Small Village, Small World

Spontaneity is a word in the English language, but it truly finds its meaning here in the goat-trodden streets of Mulukanoor Village, Telangana.  After an unexpected cancellation of the morning research on water buffalo milk production, my translator and I decided to go and see the local Veterinary Dispensary. Vet Dispensaries in this area usually handle 98% livestock and many farmers bring their cattle and buffalo to the center to be artificially bred. If there are a number of farmers that need to have their livestock bred on the same day in the same village, the veterinary technicians will travel out to breed the animals. Today was such a day, and after taking a quick tour of the dispensary, we hopped into an auto-rickshaw to go and see the breeding process in a neighboring village.  When we arrived at the village center, our friendly guide leaned out to ask a passersby for directions (a common practice) and we wove our way through the threadlike streets to a clearing with farmers, technicians, and cattle.


Artificial insemination of cattle in Karimnagar district. Looks fun, right? 

After watching and asking a few questions, we again boarded our rickshaw and on a whim were taken to a dairy farm on the way back to Mulukanoor. I always enjoy seeing more cattle and farm designs, so it was easy to take this detour in stride. The dairy farm is considered large here with 16 cattle and there were even a few geese that noisily tried to chase us away from the barn. After taking a little tour, we once again began our course back to Mulukanoor village.


The geese guards protecting their precious cows friends

Riding in a rickshaw at this time of the year is a little bit like throwing yourself into a hair dryer with the hot air hitting your face, but the breeze is nice and the views are even better. I am still gaining my bearings here, but I could tell that we were almost back to my room when again our guide spoke some rapid Telugu to the driver and we veered off-course to another adventure. I asked my translator where we were going and she said, “To visit his friend. He wants you to meet them.”  I again came up against the western tendency to want a schedule explained to me along with how long our next stop was going to take. I knew that there was no way to ever figure that out (and here it really does not matter), so I sat back in the rickshaw and enjoyed seeing new shops and streets instead. A few minutes later, we pulled up to a two story home with bright pink walls and entered through a intricate cast iron gate to find a girl there ready to greet us in relaxed English with an American accent. After spending the last few weeks trying to tone down my accent and speak slowly, it fun to discover that this girl and her mother were visiting family over the summer, as they currently reside in York, Pennsylvania. We had a quick conversation, but making the connection with new friends that live just one hour from Philadelphia yet are now in the same, small rural town of India for the summer was a great part of the day.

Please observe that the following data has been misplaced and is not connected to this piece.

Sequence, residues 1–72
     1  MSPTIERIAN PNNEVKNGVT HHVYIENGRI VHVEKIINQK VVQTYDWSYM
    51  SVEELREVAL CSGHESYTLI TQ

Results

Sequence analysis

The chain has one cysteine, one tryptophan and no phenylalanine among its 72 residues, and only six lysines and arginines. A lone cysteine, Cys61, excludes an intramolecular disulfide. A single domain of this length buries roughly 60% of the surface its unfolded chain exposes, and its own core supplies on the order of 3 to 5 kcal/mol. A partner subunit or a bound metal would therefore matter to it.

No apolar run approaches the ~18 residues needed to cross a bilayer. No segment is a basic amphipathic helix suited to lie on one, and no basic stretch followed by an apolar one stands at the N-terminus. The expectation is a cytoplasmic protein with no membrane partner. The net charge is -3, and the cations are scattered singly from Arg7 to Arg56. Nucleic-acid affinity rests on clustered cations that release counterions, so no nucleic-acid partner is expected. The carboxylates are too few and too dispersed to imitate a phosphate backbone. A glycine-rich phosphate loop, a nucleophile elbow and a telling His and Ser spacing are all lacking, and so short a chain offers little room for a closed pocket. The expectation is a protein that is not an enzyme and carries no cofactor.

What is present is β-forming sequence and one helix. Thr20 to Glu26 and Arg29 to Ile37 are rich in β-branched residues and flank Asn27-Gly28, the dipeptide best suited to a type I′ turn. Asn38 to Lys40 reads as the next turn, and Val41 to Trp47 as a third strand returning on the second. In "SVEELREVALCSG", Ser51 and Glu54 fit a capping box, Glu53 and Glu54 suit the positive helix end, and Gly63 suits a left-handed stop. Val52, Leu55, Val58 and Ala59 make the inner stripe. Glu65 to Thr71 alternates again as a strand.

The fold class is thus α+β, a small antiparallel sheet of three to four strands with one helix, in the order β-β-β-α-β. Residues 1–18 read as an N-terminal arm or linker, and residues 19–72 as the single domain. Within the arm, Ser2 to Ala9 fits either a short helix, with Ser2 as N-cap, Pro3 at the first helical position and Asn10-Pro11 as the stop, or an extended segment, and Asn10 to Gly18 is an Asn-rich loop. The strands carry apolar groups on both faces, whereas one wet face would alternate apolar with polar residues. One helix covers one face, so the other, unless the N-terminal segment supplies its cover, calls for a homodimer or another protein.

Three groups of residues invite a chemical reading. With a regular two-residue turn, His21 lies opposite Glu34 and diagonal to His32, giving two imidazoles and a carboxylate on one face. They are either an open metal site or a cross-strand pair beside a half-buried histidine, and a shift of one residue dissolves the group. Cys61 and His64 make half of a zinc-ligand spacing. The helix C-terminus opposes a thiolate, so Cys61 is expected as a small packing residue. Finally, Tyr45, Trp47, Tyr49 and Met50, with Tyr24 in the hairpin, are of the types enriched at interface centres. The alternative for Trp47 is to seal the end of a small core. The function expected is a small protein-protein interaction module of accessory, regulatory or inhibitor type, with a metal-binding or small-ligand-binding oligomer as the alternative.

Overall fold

As I continue to travel to small villages each day to examine buffalo, I am constantly reminded of the beauty of allowing the spontaneous to overcome my schedule. Whether it be having tea in the home of a farmer, stopping to look at the stars while walking through rice paddy fields, or even going to see a silkworm farm, all of these moments and so many more have unexpectedly enriched this experience. I hope that as I continue to ask my survey questions and  gingerly place my stethoscope  over water buffalo hearts and lungs (trying to avoid impressively agile kicks) that I can convey thanks and appreciation for each new person and place that I meet with a smile and a quick ‘Namaste’.

One thought on “Small Village, Small World

  1. Enjoying your articles Gretchen! It’s interesting to read what your doing and how it’s impacting your life and those your meeting. Enjoy the rest of your time there.

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About gglandin

I am a third year veterinary student at the University of Pennsylvania that loves livestock and undertaking local and international adventures. I am learning to combine these interests in the cattle rich fields of India this summer and seeing firsthand how veterinary medicine can be used to develop and support rural communities.